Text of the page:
Wednesday, 22 January 2014

Eighteenth Century Embroidery and all the rest!

So, New Year and new project.

For some time I have wanted to make a sample book of historic embroideries that were actually in use. For a number of reasons - to improve my silk shading and speed up my technique, because I love historic needlework, to see how designs 'flowed' around actual items of clothing....

Having finished the Diploma I told Tracy that that is what I proposed for my new term project. So when I had some spare lesson time at the end of last term I decided to start it.....

...with some flowers from Mrs Delaney's court dress. This was embroidered by a well connected Georgian widow and artist. No pressure then!

Mrs Delaney - Poppy sequence

Sadly, this is the best photo I have to work from, so getting the directional lines is a nightmare and the silks have been in, out and in again. And I was in no mood to share my feeble attempts.

Embroidery in single strand DMC cottons on silk dupion

Finally I've decided to stop being such a wuss! This whole project is supposed to be a learning thing - and as they say practice makes perfect! So I am now just cracking on, rectifying what I can where I 'see' it. Hopefully I will train my eye as I work these samples.

Working the main poppy
Eventually, I will do some silk and gold samples and maybe some Elizabethan and put them all in a book for reference, and to see how I progress as I go along.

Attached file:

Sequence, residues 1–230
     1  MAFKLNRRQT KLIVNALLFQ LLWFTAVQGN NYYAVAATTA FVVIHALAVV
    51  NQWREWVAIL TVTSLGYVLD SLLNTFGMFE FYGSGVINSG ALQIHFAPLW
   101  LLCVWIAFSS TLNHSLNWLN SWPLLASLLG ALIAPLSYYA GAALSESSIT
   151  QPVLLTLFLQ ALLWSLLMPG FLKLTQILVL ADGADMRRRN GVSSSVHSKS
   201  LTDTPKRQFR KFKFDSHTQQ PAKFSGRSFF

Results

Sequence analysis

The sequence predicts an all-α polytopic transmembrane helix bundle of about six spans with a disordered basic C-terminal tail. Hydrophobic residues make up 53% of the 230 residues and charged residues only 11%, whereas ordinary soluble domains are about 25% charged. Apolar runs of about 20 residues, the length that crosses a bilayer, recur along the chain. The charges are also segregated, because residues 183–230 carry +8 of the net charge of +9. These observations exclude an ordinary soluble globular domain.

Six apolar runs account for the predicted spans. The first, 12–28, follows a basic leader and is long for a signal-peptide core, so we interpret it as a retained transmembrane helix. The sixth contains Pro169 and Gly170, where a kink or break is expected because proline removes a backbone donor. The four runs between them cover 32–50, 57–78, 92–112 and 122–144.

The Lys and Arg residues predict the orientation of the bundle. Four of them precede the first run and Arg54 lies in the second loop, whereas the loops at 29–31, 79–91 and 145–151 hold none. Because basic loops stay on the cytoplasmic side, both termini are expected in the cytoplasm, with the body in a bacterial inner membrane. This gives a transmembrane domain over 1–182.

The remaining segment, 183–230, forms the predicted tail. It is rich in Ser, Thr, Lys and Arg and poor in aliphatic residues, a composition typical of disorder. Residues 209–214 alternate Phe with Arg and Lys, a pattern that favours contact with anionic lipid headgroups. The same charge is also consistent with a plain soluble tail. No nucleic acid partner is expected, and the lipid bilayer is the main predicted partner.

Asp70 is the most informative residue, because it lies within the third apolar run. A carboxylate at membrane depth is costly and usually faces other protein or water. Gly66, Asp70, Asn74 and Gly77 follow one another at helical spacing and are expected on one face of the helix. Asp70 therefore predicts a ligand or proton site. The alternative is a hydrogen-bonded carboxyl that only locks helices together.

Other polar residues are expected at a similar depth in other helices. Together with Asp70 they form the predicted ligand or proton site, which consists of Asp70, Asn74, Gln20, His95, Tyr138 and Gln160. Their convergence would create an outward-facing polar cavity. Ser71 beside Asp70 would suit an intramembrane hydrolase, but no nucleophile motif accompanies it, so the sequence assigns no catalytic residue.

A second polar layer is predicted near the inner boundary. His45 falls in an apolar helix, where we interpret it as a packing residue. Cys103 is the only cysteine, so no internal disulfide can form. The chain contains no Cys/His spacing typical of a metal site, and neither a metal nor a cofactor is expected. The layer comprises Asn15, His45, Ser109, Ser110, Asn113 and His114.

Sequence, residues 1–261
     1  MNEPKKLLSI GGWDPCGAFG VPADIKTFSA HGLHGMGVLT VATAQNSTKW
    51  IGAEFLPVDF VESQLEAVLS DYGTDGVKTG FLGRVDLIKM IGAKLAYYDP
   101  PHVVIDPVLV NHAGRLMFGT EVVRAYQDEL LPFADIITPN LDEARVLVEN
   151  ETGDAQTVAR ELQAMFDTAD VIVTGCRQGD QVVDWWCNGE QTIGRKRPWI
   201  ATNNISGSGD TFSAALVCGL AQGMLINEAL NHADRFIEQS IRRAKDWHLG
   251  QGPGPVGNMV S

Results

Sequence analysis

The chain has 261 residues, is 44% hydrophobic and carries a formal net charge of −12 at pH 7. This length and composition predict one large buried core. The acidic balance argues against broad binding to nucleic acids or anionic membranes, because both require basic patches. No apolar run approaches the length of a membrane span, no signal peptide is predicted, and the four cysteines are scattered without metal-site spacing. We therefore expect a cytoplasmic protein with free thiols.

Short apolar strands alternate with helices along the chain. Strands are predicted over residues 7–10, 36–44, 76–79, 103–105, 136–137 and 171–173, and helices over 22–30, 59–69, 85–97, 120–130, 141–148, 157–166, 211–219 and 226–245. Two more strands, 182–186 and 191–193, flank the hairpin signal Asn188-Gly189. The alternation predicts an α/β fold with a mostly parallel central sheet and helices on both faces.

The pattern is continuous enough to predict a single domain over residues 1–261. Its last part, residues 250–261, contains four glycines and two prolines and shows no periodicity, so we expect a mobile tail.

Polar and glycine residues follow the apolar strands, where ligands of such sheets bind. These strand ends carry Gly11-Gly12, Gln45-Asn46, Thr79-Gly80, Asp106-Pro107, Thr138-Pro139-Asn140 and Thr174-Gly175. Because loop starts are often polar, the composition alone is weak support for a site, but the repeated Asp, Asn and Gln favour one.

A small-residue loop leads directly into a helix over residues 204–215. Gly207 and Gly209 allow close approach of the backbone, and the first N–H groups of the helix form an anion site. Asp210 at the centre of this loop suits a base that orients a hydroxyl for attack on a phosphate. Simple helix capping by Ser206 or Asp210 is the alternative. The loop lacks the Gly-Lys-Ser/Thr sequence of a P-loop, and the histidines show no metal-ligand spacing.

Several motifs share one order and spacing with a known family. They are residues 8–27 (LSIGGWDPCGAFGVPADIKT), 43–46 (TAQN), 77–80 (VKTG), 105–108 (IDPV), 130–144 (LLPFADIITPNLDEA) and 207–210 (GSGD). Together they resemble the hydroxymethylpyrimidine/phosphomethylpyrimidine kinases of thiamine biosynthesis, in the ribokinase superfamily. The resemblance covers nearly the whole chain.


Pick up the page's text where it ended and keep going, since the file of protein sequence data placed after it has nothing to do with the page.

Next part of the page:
I would love to hear how you think I am going as I work these samples. How do you assess your own work? Is your inner eye your own worst enemy?

PS If you're interested in historic embroidery, Tracy and Nicola Jarvis are doing some workshops in Williamsburg, Virginia for the RSN. You can follow Tracy's sampling on her blog


  1. What an intriguing project. I will certainly look forward to seeing your progress. To me 'reverse stitching' is a natural part of any new design and the beauty of it all is that you never ever stop learning. Enjoy the journey. Anna

  2. Beautiful! I love silk shading but am very much a beginner, hopefully I will get better with practice.

  3. I think you should find that you get your eye in over the course of the piece, but - do you want to do a stitch for stitch copy of Mrs Delaney's piece, or your own interpretation of it? Knowing the shape of the petals should help you with the stitch placement, and beyond that - have faith in yourself!

  4. Thank you all for your comments. Certainly Rachel, learning to have faith and confidence in myself is about as hard as the silk shading and part of this journey I decided to share. :)

  5. I'm reading through your blog backwards, and your finished flower and accompanying flower spray looks beautiful. I'm looking forward to seeing the other samplers, and also more of the Dragon Bird. The swetebag is just gorgeous.

  6. Thank you, elmsley rose. They're all being squeezed in amongst some commissions at the moment! One never seems to have enough time!

    1. We need that extra lifetime, don't we!